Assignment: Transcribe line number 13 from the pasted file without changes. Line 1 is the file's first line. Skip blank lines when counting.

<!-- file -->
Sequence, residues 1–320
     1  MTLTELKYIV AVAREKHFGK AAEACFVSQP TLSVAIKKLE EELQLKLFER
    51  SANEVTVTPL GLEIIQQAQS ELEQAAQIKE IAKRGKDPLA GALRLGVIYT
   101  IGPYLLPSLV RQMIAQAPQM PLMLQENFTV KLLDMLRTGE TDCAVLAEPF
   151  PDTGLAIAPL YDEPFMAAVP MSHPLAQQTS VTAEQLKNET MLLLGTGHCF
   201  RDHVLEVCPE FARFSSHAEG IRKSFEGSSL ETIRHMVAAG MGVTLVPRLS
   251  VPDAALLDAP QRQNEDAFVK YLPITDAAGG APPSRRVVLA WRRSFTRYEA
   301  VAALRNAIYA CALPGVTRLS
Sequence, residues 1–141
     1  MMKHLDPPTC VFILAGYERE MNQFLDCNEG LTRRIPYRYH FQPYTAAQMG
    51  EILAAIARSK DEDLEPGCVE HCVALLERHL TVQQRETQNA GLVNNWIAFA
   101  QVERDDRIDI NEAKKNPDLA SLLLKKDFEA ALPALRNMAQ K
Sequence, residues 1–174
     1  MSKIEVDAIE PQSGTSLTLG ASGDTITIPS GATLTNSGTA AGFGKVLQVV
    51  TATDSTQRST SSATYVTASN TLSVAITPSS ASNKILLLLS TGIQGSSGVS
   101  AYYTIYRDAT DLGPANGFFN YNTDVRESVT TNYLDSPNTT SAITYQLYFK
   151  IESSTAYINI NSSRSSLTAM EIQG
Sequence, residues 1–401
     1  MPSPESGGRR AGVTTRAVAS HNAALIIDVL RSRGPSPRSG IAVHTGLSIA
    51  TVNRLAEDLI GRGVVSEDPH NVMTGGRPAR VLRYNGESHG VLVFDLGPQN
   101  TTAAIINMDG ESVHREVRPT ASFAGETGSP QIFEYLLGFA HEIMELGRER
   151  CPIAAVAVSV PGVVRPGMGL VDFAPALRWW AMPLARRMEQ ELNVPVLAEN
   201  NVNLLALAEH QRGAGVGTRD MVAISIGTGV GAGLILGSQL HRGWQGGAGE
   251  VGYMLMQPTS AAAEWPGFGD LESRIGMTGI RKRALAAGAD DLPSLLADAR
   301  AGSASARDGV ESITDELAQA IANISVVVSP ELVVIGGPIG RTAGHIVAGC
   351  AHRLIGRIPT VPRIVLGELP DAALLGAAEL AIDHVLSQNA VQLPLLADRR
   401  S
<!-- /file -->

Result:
Sequence, residues 1–174